As little as a daily ping on your phone can boost physical activity, researchers from the Stanford University School of Medicine and their collaborators report in a new study.

The finding comes by way of the first-ever entirely digital, randomised clinical trial, which sought to answer two overarching questions: Is it feasible to successfully run an entirely digital, randomised clinical trial? And is it possible to encourage people to exercise more by using a smartphone app?

The study, overseen by Euan Ashley, MBChB, DPhil, professor of medicine, of genetics and of biomedical data science at Stanford, shows that the answer to both questions is yes.

Ashley and his colleagues conducted a clinical trial using MyHeart Counts, an app he and other scientists at Stanford developed using Apple's ResearchKit platform. The app, which was first deployed on smartphones in 2015, was launched to help track physical activity and other heart-related information, such as heart rate. Now, it's the main tool for a full-on randomised clinical trial, including patient recruitment, consent and interventions. It also returns data to participants.

"In this digital era, we have to think of ways to engage people in their health," he said. "The number of smartphone users these days is huge, and using an app to host the trial lets us tap into that population. If people are addicted to their phones, maybe we can also get them addicted to their health."

On a weekly, rotating basis, the digital trial "prescribed" one of four simple interventions for each participant enrolled in MyHeart Counts -- things like reminders to walk more or stand up. In the end, the prompts worked, although modestly so. Regardless of the type of intervention, Ashley and his team saw about a 10% increase in activity compared to the participants' baselines.

Mobile motivation

About a year after the launch of the MyHeart Counts app, Ashley opened up enrollment for the clinical trial. Over about 18 months, 1075 participants enrolled and completed at least one intervention, and 493 completed the entire trial.

An 80% dropout rate would spell the end of most trials, but not in this one. "In the digital world, there's quite a low bar for entry -- you can sign up while you're standing in line for coffee -- so there's a low bar for exiting a trial too," Ashley said. A clinical trial of 100 people is considered normal, if not large, and even with the high dropout rate, the MyHeart Counts digital clinical trial ended up with about five times that number.

During the first week of the trial, participants lived their lives without extra instruction from the app. In this way, they established their own baseline and served as their own control. After the initial week, each participant was randomly assigned to one of four different "soft-touch" interventions: encouragement to take more steps; hourly reminders to stand up; instructions to read health guidelines from the American Heart Association; or personalised "e-coaching" that sent a daily message to participants based on their routine activities. Those who reported a more sedentary lifestyle might receive a message prompting a Sunday morning walk, while those who are naturally more active might receive encouragement to keep up consistent physical activity. Every week, participants completed a new intervention until they'd experienced all four.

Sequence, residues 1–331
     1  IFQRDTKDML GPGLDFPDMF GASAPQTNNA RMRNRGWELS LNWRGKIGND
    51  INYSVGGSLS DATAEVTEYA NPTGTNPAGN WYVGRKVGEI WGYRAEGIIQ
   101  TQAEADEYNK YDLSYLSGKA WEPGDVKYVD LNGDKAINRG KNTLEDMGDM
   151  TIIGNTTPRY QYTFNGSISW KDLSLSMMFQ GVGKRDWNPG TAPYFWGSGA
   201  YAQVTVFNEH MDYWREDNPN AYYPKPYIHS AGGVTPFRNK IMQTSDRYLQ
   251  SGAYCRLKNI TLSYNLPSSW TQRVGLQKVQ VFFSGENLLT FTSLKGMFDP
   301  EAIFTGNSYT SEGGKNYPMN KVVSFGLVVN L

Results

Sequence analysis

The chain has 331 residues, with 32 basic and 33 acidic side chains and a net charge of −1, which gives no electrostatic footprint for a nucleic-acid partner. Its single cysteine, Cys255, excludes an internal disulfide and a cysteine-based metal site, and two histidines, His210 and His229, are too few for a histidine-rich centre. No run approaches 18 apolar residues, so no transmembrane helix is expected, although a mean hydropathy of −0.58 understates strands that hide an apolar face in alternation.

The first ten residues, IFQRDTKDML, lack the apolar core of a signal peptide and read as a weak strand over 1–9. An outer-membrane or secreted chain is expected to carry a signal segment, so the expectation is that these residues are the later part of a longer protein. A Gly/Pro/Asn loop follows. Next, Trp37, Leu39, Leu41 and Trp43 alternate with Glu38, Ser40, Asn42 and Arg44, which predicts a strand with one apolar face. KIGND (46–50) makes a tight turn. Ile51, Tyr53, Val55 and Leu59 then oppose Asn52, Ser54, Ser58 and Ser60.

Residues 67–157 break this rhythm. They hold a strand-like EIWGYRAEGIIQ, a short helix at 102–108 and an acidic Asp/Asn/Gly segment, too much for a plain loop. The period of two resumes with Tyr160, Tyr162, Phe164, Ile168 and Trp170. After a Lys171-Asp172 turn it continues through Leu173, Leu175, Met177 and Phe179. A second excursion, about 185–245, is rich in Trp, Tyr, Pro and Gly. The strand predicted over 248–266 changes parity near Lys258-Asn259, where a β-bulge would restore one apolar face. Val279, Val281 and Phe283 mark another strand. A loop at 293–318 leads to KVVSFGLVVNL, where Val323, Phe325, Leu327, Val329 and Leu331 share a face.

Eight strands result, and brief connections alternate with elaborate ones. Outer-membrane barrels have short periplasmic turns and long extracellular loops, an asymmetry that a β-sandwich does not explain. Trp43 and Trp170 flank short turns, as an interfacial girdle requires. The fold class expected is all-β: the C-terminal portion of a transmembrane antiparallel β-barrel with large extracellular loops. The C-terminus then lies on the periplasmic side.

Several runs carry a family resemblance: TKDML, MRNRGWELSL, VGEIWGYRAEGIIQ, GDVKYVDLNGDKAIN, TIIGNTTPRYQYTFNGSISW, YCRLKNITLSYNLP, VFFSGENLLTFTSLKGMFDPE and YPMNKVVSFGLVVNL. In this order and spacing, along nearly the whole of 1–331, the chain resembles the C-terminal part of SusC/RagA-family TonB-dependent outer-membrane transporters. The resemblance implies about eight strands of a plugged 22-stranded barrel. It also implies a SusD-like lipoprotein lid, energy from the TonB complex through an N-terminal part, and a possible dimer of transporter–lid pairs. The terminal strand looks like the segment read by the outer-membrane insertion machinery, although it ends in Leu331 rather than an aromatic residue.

Across almost 500 participants, the bump in activity -- measured through step count -- was modest -- a 10% increase -- but still statistically significant. "Sure, we would have rather seen a 300% increase, but with the light-touch interventions that we chose, it was probably never realistic to expect those numbers," Ashley said. "But the main takeaway is that at end of the day, we find that there's a real, small positive effect from these interventions." And, he said, the study also serves as a template for all-digital randomised clinical trials in the future.

A trend toward digital

Now, Ashley and his colleagues want to investigate further. In their next trial, they plan to ask more nuanced questions: How long do the participants keep up the extra steps? And, is it possible to enhance the results by either increasing the intensity of the intervention, tailoring the intervention to a person's specific motivations, or lengthening the duration of the trial?

Down the line, Ashley sees value in personalising the interventions more to an individual's motivations and goals. "We don't want to make it too complicated. And we aren't ignoring the fact that even a single simple prompt did increase steps," he said. "But different things motivate different people, and if we can play to that, it may help participants reach a new level of activity."

Outside of future MyHeart Counts trials, Ashley and his team are starting to partner with other scientists to help them carry out their own digital clinical trials in areas such as heart transplant recovery and pulmonary hypertension. "Digital platforms allow us to connect directly to the patients in a way that's more immediate and more extensive," Ashley said. "And I think this type of more direct sensor-based measurement can not only help patients enhance their own health, but help doctors notice health issues early on and address them sooner."

Image Credit: iStock

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physical activity, smartphone, digital clinical trial, MyHeart Counts Stanford scientists have conducted the first completely digital clinical trial to answer two questions: can a digital clinical trial run successfully, and can people be motivated to exercise more using an app.